This program aims to increase the level of inclusion of people at risk, especially girls, and advocates for equal opportunity participation in the development process. Free to Dream is reviving girls’ dreams by creating tailor made entrepreneurship skills, life skills and skills sexual reproductive health and rights education while fighting against gender based violence in their community. Each year the program recruits 25 girls from vulnerable background. These girls are striving to increase their financial wellbeing through three income generating projects: tailoring, soap making and spices.
Through Mama Hope Support, WOY managed to introduce a permaculture farm as a sustainability project. The project is in a rural setting and it aims to generate more internal income that can cover WOY’s running costs and reduce donor dependence. This project follows permaculture ethics; Care of the Earth, Care of the People and Sharing of Surplus. The farm motivates young people to learn about regenerative gardening techniques. It also provides a physical place for young people to learn other soft skills like life skills, sexual reproductive health and rights and civic education. The following permaculture elements are already established at the farm include compost toilets, fish ponds, beekeeping, vegetable garden, rabbit raising and poultry.
Community Information Center
John’s next goal for WOY is to transform the demo farm to be a community information center – including a computer lab – for the youth in his program so they can improve their literacy skills and become more competitive in the job market. Currently, we are raising chickens, and different kinds of birds, beekeeping, rabbits and horticulture. We plan to extend fish ponds and beekeeping and establish value addition process unity for our produce.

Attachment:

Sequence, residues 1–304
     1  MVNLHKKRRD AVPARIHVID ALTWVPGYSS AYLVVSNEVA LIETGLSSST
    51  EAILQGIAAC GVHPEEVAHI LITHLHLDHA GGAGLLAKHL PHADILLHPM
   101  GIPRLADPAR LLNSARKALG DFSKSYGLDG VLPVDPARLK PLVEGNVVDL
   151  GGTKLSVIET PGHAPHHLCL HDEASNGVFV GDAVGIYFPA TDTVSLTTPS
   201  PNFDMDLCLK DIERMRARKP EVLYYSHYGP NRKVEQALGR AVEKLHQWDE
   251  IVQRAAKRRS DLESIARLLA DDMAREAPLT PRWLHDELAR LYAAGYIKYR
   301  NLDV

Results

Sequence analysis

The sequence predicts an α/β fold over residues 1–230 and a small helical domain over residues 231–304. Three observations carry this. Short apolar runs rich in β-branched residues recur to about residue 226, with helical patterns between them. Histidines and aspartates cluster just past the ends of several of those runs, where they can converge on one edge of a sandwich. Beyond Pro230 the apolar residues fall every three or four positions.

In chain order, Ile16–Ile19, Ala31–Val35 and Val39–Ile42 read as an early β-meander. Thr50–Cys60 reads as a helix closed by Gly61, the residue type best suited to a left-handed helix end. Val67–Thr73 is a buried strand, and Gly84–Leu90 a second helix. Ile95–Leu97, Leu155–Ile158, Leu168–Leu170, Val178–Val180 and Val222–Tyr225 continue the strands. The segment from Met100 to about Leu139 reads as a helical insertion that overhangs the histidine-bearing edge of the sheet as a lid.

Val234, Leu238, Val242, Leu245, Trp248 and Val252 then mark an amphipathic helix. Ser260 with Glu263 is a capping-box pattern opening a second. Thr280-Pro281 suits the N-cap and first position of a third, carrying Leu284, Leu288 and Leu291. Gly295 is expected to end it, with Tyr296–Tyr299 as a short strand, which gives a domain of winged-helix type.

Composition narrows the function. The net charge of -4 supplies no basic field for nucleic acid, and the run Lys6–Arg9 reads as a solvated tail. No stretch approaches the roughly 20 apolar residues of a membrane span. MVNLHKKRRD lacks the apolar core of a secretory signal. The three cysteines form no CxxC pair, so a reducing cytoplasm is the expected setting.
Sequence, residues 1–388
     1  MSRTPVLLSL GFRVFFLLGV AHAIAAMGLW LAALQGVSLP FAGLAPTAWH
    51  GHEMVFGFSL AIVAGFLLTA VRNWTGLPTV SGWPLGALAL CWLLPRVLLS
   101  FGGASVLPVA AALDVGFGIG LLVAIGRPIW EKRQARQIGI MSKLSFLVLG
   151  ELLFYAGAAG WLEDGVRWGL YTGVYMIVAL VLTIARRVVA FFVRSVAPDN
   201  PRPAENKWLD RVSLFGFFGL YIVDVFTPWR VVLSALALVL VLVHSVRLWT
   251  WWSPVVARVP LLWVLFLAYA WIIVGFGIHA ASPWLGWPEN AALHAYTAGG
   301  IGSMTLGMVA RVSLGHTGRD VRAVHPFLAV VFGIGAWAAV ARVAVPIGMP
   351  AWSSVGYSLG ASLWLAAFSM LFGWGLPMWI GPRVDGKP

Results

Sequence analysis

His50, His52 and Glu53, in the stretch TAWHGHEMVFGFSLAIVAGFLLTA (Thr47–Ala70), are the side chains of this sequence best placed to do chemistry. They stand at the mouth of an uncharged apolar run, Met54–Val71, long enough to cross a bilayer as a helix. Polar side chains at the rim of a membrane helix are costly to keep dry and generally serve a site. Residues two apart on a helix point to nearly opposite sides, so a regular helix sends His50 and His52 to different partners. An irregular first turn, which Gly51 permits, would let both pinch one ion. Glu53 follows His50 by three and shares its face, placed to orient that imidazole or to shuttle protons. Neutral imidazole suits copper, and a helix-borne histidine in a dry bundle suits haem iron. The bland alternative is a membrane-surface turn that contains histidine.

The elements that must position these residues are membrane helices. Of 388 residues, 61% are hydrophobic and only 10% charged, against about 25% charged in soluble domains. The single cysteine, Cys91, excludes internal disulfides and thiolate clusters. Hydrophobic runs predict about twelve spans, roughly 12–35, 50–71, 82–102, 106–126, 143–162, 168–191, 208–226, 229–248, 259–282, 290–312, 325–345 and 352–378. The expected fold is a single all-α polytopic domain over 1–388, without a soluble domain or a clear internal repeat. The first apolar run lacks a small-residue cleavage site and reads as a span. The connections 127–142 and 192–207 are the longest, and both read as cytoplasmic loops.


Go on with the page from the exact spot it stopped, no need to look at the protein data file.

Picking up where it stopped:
Additional long term goals include contracting a safe house to provide accommodations for girls and youths that experience violence, where they can temporarily stay while waiting for their cases to be resolved.
We are building to our 3-year goals through a combination of income-generating projects. Here's what we're developing right now.
WOY has purchased a 3-acres land to build a farm. They have dug a well, and are planning several projects are to be developed, the first of which is the Pig Farm. Their first pig pen has been constructed in the nearby Uru Mrawi village. White Orange Youth plans to expand this project in the near future by building a larger pig pen on the new land, as well as adding poultry and a fish pond to further increase their income and to reach broader market.
Through Mama Hope support, WOY managed to introduce a permaculture farm as a sustainability project. The project is in a rural setting and it aims to generate more internal income that can cover WOY’s running costs and reduce donor dependence. This project follows permaculture ethics; Care of the Earth, Care of the People and Sharing of Surplus. The farm motivates young people to learn about regenerative gardening techniques. It also provides a physical place for young people to learn other soft skills like life skills, sexual reproductive health and rights and civic education. The following permaculture elements already established at the farm include compost toilets, fish ponds, beekeeping, vegetable garden, rabbit raising and poultry.